1656–1742, English astronomer
Best remembered for the comet that bears his name, Edmond Halley was one of the great scientists of all time. He discovered the proper motion of stars, made important studies of the moon's motion, and his investigations of the Earth's magnetic field and of tides were unrivalled for centuries.
Halley played a crucial role in the Newtonian revolution in the natural sciences. It was Edmond Halley who set the question that led Sir Isaac Newton to write the Principia, and who edited, paid for, and reviewed it.
Halley's prediction of the transit of Venus led to Captain Cook's voyage to Tahiti and to an accurate calculation of the distance between the Earth and Sun.
Halley used his knowledge of erosion, and measurements of salt in ocean water, to come up with an early estimate of the age of the planet Earth itself.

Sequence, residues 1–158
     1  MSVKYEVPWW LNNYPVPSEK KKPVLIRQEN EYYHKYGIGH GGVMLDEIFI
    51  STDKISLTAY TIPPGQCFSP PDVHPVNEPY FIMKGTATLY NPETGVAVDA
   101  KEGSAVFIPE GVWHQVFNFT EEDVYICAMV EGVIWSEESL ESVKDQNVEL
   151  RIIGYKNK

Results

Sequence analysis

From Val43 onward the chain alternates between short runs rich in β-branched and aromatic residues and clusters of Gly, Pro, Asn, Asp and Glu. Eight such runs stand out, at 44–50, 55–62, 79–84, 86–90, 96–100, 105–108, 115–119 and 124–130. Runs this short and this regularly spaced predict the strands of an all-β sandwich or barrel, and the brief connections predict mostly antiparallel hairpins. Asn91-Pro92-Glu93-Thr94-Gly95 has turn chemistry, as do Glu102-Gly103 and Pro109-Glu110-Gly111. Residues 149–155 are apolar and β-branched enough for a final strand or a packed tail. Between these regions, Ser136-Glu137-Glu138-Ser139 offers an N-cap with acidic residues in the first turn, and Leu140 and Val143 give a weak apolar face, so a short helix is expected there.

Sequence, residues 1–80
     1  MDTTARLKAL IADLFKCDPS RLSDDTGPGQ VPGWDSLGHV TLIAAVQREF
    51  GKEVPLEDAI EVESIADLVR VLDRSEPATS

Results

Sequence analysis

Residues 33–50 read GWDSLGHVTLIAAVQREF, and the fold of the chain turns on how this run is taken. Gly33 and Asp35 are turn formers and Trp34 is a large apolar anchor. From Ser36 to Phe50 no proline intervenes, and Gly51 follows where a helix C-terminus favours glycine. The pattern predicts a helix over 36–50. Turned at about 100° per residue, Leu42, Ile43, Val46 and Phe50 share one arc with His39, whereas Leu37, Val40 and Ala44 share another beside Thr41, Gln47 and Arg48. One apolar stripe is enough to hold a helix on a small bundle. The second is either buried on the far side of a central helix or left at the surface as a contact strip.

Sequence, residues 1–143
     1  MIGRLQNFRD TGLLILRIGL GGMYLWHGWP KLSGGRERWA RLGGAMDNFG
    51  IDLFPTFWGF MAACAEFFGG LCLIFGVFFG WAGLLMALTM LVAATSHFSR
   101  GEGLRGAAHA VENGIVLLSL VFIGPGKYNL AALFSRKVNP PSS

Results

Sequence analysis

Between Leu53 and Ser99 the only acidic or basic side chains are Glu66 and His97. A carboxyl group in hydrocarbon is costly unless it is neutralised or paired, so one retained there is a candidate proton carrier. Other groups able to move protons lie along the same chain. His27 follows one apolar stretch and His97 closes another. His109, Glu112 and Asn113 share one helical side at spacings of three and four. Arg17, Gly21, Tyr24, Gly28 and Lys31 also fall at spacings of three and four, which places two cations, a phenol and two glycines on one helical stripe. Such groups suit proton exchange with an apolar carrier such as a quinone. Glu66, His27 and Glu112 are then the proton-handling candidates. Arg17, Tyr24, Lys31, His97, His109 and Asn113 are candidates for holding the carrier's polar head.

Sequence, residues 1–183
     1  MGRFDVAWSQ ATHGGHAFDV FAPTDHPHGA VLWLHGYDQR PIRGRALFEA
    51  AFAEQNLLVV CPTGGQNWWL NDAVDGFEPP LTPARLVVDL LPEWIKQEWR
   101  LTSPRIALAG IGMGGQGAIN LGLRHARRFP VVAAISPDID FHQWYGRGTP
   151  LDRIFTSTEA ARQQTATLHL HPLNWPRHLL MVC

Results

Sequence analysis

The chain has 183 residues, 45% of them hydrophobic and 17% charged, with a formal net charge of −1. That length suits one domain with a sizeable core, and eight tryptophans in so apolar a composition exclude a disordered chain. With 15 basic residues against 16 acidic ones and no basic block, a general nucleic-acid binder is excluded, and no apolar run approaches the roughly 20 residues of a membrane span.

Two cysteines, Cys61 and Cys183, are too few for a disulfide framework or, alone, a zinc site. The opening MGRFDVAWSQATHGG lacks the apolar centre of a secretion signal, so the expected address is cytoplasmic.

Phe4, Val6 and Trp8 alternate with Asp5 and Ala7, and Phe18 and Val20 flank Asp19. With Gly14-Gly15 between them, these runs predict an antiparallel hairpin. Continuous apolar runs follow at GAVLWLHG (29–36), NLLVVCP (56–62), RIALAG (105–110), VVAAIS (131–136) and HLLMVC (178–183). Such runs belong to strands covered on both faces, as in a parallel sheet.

As a young man, he sailed to St. Helena to chart the unmapped stars of the Southern Hemisphere. Moreover, Halley knew the leading artists of his age--Wren, Pepys, Handel, Purcell, and John Dryden--and he travelled widely throughout Europe, meeting numerous fellow scientists and serving on a variety of diplomatic missions. He even spent a number of adventurous years as commander of a Royal Naval warship.